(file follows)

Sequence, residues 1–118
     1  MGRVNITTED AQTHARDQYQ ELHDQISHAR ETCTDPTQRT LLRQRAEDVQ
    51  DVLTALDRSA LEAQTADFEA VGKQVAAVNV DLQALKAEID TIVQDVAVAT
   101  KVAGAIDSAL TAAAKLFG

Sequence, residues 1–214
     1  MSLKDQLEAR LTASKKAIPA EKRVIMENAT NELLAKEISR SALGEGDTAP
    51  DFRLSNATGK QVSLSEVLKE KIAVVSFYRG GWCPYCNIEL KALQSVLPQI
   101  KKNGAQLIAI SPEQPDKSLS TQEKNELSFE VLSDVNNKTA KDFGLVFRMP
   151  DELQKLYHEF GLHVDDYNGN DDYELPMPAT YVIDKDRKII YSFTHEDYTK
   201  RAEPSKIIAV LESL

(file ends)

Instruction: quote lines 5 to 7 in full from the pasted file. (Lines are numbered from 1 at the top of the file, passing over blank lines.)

Sequence, residues 1–214
     1  MSLKDQLEAR LTASKKAIPA EKRVIMENAT NELLAKEISR SALGEGDTAP
    51  DFRLSNATGK QVSLSEVLKE KIAVVSFYRG GWCPYCNIEL KALQSVLPQI